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Giliberti brings his passion for food to WHYN

Giliberti brings his passion for food to WHYN mino-and-chip.jpg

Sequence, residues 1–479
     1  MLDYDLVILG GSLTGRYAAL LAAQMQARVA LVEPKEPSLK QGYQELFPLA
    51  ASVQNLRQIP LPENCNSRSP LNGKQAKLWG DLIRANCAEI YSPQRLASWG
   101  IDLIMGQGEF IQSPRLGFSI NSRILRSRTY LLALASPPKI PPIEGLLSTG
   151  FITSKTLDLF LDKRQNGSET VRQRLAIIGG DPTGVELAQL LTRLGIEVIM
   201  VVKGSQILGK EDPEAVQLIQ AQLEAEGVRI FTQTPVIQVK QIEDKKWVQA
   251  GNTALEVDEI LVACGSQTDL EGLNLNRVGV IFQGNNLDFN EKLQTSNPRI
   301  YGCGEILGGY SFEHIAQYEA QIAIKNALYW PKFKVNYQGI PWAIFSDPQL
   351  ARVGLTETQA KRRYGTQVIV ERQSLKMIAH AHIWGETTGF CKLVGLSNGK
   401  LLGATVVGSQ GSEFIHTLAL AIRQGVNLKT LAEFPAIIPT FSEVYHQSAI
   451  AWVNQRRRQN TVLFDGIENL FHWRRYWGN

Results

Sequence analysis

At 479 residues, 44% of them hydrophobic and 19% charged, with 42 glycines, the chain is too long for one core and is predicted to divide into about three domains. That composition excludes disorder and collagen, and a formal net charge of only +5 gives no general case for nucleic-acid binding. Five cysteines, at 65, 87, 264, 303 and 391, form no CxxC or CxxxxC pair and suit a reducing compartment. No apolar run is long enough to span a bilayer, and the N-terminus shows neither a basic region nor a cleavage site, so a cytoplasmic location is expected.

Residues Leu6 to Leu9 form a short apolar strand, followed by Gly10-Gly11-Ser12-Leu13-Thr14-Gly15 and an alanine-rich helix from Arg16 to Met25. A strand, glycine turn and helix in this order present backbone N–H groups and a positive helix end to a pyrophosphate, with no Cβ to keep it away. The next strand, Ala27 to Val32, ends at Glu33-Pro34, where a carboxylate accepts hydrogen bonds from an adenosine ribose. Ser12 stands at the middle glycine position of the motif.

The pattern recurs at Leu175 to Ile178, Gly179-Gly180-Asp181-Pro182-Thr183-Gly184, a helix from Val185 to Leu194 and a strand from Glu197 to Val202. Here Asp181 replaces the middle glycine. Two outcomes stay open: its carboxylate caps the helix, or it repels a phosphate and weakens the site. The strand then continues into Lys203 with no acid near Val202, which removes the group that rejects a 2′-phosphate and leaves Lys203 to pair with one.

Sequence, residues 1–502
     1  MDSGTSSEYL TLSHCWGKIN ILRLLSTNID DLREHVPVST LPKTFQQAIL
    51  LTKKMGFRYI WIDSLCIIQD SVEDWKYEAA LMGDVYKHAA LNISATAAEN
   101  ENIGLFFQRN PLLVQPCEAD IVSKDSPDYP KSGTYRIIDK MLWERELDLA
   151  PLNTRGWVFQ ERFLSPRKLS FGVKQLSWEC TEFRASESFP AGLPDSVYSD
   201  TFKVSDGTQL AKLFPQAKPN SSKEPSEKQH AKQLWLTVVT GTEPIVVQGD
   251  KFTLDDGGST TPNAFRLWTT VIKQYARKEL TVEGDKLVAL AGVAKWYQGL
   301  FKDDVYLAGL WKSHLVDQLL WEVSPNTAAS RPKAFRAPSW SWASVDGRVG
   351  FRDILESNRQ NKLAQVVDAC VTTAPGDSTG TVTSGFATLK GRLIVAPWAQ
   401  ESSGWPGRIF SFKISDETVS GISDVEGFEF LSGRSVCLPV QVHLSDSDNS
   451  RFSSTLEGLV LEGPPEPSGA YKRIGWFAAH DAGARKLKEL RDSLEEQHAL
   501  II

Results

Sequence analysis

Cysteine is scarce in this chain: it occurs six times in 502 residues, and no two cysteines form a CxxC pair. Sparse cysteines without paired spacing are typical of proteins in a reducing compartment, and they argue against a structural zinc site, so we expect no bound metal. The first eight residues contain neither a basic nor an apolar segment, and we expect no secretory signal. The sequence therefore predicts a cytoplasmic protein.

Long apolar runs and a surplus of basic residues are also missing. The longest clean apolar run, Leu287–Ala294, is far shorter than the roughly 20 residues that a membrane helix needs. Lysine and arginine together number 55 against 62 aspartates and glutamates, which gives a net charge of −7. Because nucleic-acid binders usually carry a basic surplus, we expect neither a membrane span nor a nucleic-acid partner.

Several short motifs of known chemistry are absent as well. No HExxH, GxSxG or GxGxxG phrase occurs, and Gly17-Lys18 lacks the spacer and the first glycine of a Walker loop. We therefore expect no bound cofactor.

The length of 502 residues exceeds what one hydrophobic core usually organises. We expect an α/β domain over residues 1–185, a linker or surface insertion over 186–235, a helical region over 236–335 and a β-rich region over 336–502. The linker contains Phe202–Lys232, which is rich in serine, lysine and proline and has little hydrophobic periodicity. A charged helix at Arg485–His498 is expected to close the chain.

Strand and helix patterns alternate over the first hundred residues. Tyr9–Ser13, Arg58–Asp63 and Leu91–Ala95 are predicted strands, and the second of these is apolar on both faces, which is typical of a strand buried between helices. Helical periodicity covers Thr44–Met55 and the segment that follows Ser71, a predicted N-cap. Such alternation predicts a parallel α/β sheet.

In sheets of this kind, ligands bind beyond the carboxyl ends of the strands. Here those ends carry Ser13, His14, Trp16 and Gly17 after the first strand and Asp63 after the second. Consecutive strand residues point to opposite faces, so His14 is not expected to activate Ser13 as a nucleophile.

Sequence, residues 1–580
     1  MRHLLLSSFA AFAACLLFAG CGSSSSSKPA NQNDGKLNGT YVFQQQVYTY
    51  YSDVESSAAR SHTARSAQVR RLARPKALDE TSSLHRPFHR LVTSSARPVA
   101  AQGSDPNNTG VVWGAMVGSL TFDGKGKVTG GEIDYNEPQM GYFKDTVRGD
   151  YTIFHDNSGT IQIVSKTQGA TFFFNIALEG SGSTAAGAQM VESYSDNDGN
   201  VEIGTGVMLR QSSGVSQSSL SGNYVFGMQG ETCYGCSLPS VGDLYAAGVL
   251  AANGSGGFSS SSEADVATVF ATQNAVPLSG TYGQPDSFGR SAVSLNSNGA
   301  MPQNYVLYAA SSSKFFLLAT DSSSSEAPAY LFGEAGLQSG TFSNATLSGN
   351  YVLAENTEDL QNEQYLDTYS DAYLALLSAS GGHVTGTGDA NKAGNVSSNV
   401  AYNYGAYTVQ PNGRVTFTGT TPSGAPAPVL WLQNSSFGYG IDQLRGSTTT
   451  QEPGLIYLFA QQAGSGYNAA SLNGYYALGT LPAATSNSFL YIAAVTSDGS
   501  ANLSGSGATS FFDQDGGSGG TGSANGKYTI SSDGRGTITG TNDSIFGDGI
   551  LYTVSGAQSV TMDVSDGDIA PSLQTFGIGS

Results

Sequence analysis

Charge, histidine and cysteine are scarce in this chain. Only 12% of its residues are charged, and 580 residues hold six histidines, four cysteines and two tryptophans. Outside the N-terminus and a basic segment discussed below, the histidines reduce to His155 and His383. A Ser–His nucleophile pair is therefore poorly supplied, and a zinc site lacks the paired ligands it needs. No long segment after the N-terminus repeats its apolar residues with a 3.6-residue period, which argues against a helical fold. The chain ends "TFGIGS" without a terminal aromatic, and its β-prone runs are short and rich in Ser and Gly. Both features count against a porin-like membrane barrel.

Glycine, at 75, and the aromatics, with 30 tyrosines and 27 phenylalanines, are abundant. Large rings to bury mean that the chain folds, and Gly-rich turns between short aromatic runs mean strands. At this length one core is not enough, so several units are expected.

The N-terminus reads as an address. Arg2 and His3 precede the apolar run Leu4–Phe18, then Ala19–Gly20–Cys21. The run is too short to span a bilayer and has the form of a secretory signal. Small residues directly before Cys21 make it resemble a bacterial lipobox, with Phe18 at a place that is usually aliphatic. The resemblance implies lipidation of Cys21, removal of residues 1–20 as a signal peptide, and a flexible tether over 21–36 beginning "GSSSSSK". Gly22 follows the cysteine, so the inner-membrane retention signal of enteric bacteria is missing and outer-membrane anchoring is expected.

Jan. 31, 2011 By G. Michael Dobbs Managing Editor SPRINGFIELD — One local restaurateur is taking his message to the airwaves. Mino Giliberti said the point of his radio show over WHYN is to encourage his listeners to eat good food both at home and while out dining. Giliberti, the chef and owner of Buon Appetito Ristorante in Westfield, has attracted listeners to his Saturday morning radio show, "Dining with Mino," on WHYN AM by talking about food and cooking as well as a variety of subjects. Patrons of his restaurant are well aware of Giliberti's reputation for traditional restaurant values that are often too rare in an era of chain eateries: he make his dishes from scratch and he interacts with his diners, always making sure their meal is to their liking. Giliberti's personal style extends to his radio show. He interacts with his co-host Jonathan Evans as well as Denise Vozella, his engineer,in a loose, conversational manner. Giliberti explained that some people might think his show advocates Italian cuisine, but he asserted, "There is no such thing as Italian cuisine," "They've been debating that since 1948," he said with a smile. Instead, Italy is the home of many regional cuisines, he explained. While dishes may have the same name over different areas, they will taste differently because of the regional ingredients. Like other shows over the talk station, Giliberti also speaks with listeners who call in with questions or comments. One listener wanted to discuss puttanesca sauce and its variations. Giliberti explained when he grew up in Italy, the origins of standard sauces and foodstuffs was discussed in schools. Puttanesca sauce was developed by prostitutes who would serve a meal to travelers on horseback. "They would take care of the horse and the rider," Giliberti said with a laugh. The sauce would use ingredients that were at hand and required no refrigeration, such as olive oil, garlic, cured anchovies, cured black olives, plum tomatoes and grated Parmesan cheese. He added many of these ingredients were typically made or grown in households. The sauce proved so popular it became a standard, he added. He also addresses questions about wine. Vozella wanted to know why he selected a pinot noir for a meal at which her husband had chicken parmesan and she enjoyed mahi mahi. Giliberti explained that with fish the standard is to serve a white wine or a rose — "not too heavy, not too strong." Chicken is best paired with a red dry wine, he added, Pinot noir is "a good compromise," he said. The hour-long broadcast comes to a close and Giliberti noted, "It's too short. We just started it." "Dining with Mino" is heard at 10 a.m. Saturdays over WHYN AM with podcasts available at www.whyn560am.com : Bookmark and Share

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